How to create an ALB in ECS fargate

Illustration of a person in a yoga pose balancing on a tower of platforms, against an abstract orange background with dynamic lines and glowing particles. Illustration of a person in a yoga pose balancing on a tower of platforms, against an abstract orange background with dynamic lines and glowing particles.

Today we are going to see how to create an application load banaler connected to our lovely ECS fargate, and what should be simple is not so simple because always there is a hidden trick.

The main idea with an Application Load balancer is that we are talking about Layer 7, an HTTP load balancer. In our case, we are going to start an ECS fargate service with 3 tasks connected to an application load balancer, where we will control and check that the application is up and running.

To start to run we need an application and nothing more simple than a container with a HTTPS service running inside that will open the port 80.

If we go to our AWS console and later on to ECS we can create a task definition. And here is where is the trick, we can’t create the task definition manually in our case, because we need to map a container port 80 to a host port 80and this is not possible to be done from the console, so in this case, we will have to use a JSON file where we are mapping the port.

  "executionRoleArn": "arn:aws:iam::596923679360:role/ecsTaskExecutionRole",
  "containerDefinitions": [
      "portMappings": [
          "hostPort": 80,
          "protocol": "tcp",
          "containerPort": 80
      "cpu": 0,
      "environment": [],
      "memoryReservation": 128,
      "volumesFrom": [],
      "image": “httpd:2.4:”,
      "name": "web-task"
  "placementConstraints": [],
  "memory": "512",
  "taskRoleArn": "arn:aws:iam::596923679360:role/ecsTaskExecutionRole",
  "family": "mkdev-Fargate",
  "requiresCompatibilities": ["FARGATE"],
  "networkMode": "awsvpc",
  "cpu": "256",
  "volumes": []

If we execute

aws ecs register-task-definition --cli-input-json file://fargate.json

we will create our task definition.

Our next step will be to create the application load balancer. We need the Load Balancer first because when we create the ECS fargate Service we will need to include it. Now if we go to EC2, Load balancer, create Load balancer and Application Load balancer we can start to work

Screenshot of AWS console showing configuration options for an Application Load Balancer, including fields for load balancer name, scheme, IP address type, and network mapping.

We only need to give a name, internet-facing, as a listener we have port 80 that later on will be redirected.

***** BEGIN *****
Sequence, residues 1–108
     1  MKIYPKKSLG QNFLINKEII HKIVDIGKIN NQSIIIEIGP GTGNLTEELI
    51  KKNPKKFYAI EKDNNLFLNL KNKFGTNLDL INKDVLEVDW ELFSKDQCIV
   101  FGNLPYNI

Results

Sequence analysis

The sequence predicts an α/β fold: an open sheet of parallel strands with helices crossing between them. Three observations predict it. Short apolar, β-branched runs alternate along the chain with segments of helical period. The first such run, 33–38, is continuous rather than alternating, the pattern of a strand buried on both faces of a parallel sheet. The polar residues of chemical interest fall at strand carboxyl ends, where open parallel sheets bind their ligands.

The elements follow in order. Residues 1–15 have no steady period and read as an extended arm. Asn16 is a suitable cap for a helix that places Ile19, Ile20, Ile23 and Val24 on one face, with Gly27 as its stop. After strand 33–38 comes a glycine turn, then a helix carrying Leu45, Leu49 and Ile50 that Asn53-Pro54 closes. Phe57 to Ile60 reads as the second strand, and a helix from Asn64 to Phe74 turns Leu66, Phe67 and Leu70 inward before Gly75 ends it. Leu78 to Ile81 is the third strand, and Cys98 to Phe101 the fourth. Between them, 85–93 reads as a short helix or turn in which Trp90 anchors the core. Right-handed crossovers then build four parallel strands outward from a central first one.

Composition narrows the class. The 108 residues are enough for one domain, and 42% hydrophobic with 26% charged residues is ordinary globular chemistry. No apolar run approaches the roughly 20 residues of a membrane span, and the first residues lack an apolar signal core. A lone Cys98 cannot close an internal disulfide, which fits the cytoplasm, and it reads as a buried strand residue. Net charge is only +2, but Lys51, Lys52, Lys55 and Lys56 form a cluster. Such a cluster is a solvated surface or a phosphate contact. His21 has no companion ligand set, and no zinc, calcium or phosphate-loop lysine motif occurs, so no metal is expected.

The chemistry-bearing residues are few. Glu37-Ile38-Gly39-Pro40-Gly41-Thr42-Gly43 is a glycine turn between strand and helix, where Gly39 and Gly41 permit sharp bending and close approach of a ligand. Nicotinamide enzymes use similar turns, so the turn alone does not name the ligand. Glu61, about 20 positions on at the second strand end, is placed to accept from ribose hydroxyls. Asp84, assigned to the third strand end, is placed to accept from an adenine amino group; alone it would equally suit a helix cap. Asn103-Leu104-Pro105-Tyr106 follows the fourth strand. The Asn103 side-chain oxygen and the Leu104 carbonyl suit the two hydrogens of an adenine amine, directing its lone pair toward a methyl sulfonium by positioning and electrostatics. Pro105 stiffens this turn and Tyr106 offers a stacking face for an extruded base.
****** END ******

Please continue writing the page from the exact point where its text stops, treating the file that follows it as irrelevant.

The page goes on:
To be able to use the network mapping we need to have currently set up a VPC with 3 subnets connected to a routing table pointing to an internet gateway. As soon as this is done we can choose our 3 subnets. The next step is to connect to a security group that we will have already created that allows only access to port 80 from anywhere.

Screenshot of an AWS Management Console page showing network mapping settings for a load balancer, including sections for VPC selection and Availability Zones.

Screenshot of an AWS management console focusing on security group and listener configurations for a load balancer, with dropdown menus and information fields.

And in the listener, we will point our port 80 to a target group that we need to create by clicking on the target group. This target group won't be used later on but it is a must here. When we click on “target group” we create the element. We choose the instance, port 80 that it is the port in our container and create.

Screenshot of AWS Management Console showing configurations for a target group setup with fields for target group name, protocol, port, VPC, and protocol version, with 'HTTP' selected.

If we go back to the load balancer, we can choose our target group as a forward action we have ended. Now we can create our Load balancer.

Screenshot of AWS Create Service configuration page with options for launch type, task definition, and cluster information, alongside a step-by-step guide on the left.

The next step is our ECS fargate cluster, to do that we need to go back to ECS and create the cluster, giving a name.

Next one, the ECS service.

In the first screen, we choose FARGATE as launch type, our task definition created before, give a name to our service, and 3 tasks in our case.

In the next window, we choose our VPC, the 3 subnets, and our security group that allows access to port 80. Now we choose the application Load balancer, and we create the connection between the container and the Load balancer because remember that the previous target group is not valid. We choose our port, target group, evaluation order and we create our service.

AWS management console interface showing the 'Create Service' page with steps for service configuration and network setup including selections for VPC, subnets, and security groups.

Screenshot of AWS management console showing the configuration of security groups, with options to select existing groups, and displaying inbound rules for selected security groups.

And that’s all, now if we wait for a while our 3 tasks will be up and running, and if we go to the target group we will see how our 3 tasks are there and the health check is working.

Screenshot of the Amazon ECS console showing an Elastic Load Balancer target group details with three healthy targets.